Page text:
My mother had ‘an audience to the side’, a whole family of terrorized witnesses to her terrible attacks of rage against me. But I can assure you, I don’t believe my mother had the capacity to wink. ‘Quirky nicknames’ used in verbal abuse attacks might replicate the patterns of benign teasing techniques, but there is nothing ‘quirky’ about them. They are devastating indictments against the very core of the self of the victim. Again, read the above paragraph with verbal abuse in mind, and there will be no possible way to doubt that verbal abuse does not make use of these exact patterns of teasing activity that Keltner is describing here.
Keltner next puts these three characteristics of teasing together: “With exaggeration, repetition, and idiomatic phrases, with elongated vowels and shifts in the speed and pitch of our delivery, with tongue protrusions, well-timed laughs, and expressive caricature of others, we violate the maxims of sincere communication, all in the service of teasing. We provoke, on the one had, but artfully signal that nonliteral interpretations of the provocation are possible. We signal that we do not necessarily mean what we say, that our actions are to be taken in the spirit of play.” (page 155)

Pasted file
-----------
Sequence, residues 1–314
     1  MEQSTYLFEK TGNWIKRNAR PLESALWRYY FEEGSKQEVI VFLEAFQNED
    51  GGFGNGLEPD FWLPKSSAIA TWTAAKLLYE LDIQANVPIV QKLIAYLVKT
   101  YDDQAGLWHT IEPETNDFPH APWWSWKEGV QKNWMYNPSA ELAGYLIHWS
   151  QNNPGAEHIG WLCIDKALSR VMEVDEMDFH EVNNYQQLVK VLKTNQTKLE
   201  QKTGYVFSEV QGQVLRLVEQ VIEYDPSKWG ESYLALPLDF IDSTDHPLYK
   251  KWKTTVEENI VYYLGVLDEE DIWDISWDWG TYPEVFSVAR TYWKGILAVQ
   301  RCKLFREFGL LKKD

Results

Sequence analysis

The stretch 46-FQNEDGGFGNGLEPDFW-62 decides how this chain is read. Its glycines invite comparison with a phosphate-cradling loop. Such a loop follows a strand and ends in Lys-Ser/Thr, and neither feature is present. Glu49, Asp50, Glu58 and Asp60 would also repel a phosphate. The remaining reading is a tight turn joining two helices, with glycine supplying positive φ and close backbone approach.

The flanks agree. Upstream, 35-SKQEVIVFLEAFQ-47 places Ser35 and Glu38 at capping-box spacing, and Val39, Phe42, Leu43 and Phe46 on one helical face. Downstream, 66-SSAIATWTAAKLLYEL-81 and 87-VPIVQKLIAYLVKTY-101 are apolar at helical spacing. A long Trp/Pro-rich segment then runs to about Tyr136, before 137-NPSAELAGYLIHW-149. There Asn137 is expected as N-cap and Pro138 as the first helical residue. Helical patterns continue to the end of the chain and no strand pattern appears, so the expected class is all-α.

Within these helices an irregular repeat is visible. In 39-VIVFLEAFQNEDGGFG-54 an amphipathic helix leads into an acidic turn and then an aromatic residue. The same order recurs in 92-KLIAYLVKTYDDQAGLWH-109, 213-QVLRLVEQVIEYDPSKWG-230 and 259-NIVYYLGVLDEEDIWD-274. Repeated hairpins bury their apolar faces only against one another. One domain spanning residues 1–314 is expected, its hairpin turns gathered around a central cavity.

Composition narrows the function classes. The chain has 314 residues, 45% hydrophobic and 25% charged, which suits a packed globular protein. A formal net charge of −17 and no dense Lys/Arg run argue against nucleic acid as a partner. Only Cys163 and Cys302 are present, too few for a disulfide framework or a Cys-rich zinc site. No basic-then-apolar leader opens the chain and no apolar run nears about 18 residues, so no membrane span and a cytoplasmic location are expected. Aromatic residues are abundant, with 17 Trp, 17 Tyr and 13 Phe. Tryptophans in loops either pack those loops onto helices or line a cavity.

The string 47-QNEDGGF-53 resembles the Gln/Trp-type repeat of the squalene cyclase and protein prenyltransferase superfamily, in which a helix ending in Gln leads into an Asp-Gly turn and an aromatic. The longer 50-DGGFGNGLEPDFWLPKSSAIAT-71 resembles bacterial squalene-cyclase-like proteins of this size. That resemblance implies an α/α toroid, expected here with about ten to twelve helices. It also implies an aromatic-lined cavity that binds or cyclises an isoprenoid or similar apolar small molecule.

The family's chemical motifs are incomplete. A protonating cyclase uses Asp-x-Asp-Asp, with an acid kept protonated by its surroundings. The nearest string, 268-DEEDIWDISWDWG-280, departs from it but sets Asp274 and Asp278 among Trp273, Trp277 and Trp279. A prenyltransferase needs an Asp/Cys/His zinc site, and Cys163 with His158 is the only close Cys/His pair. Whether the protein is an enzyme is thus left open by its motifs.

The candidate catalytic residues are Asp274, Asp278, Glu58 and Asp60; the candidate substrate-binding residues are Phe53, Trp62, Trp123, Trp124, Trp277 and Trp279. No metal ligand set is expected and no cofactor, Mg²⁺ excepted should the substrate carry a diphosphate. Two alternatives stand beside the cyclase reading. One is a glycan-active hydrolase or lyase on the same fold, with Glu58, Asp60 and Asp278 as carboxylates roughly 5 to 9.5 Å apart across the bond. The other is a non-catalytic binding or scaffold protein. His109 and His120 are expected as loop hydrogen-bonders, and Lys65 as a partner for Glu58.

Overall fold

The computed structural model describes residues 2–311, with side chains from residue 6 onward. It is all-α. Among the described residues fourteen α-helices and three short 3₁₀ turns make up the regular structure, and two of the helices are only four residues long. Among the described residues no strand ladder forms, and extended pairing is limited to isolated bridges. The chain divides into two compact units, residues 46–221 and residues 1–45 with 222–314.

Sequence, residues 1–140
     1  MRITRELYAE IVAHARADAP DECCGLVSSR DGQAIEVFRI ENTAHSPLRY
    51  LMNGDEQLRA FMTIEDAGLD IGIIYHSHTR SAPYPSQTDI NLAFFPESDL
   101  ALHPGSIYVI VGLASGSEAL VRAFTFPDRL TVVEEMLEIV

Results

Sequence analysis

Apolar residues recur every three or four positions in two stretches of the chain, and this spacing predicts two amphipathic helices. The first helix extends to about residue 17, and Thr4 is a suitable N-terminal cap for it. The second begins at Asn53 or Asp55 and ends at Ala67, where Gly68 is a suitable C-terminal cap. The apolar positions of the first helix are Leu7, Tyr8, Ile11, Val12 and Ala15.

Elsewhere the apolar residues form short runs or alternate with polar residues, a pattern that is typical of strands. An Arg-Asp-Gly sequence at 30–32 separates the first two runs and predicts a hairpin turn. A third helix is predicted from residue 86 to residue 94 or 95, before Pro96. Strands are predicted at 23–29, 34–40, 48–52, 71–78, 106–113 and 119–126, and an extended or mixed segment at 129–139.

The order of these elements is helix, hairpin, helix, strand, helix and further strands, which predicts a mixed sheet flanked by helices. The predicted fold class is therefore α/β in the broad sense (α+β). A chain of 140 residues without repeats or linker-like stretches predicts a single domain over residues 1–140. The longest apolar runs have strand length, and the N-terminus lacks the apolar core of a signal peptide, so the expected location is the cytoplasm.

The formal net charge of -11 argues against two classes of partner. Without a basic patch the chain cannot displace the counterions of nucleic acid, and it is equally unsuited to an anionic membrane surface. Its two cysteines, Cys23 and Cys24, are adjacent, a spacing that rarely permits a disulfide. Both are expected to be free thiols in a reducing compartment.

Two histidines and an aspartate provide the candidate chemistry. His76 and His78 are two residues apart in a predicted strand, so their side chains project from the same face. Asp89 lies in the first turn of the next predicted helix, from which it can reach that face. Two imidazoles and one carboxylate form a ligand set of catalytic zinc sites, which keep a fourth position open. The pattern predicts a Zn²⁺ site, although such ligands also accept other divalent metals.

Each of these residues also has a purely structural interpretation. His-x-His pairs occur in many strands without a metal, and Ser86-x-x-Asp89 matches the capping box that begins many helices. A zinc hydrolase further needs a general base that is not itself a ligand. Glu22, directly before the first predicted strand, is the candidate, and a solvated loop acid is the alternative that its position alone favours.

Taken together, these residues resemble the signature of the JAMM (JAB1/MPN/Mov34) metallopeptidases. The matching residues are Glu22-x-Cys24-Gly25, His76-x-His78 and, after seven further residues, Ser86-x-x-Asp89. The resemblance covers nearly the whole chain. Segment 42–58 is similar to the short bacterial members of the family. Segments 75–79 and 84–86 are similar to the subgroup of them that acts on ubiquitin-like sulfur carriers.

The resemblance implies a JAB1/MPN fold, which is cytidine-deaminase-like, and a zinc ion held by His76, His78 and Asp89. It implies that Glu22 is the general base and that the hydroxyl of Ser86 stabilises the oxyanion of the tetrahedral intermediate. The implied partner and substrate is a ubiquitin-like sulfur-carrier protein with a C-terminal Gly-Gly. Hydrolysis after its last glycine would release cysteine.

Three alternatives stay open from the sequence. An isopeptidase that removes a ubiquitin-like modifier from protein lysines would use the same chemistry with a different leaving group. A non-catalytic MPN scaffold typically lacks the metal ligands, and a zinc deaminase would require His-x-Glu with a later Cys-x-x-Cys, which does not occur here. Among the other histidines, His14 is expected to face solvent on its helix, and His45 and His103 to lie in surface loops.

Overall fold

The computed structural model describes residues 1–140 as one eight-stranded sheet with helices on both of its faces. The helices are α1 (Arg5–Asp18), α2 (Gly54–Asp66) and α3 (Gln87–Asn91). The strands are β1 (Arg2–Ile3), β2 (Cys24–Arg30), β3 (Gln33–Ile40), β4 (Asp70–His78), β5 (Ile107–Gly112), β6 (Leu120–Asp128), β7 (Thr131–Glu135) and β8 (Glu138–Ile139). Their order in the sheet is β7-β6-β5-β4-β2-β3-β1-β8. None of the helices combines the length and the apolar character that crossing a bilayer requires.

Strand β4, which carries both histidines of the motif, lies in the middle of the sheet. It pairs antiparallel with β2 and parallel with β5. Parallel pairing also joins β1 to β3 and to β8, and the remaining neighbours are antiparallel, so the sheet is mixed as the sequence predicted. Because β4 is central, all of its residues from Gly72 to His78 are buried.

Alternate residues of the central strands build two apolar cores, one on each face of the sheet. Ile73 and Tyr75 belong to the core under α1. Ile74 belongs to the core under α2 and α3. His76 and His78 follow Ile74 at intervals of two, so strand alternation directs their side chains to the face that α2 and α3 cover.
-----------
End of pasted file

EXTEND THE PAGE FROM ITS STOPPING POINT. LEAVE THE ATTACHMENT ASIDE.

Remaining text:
My, oh my, whose version of play is Keltner describing here? The first image that comes into my mind is of a cat at ‘play’ with its prey. What is the experience of this so-called play from the mouse’s point of view?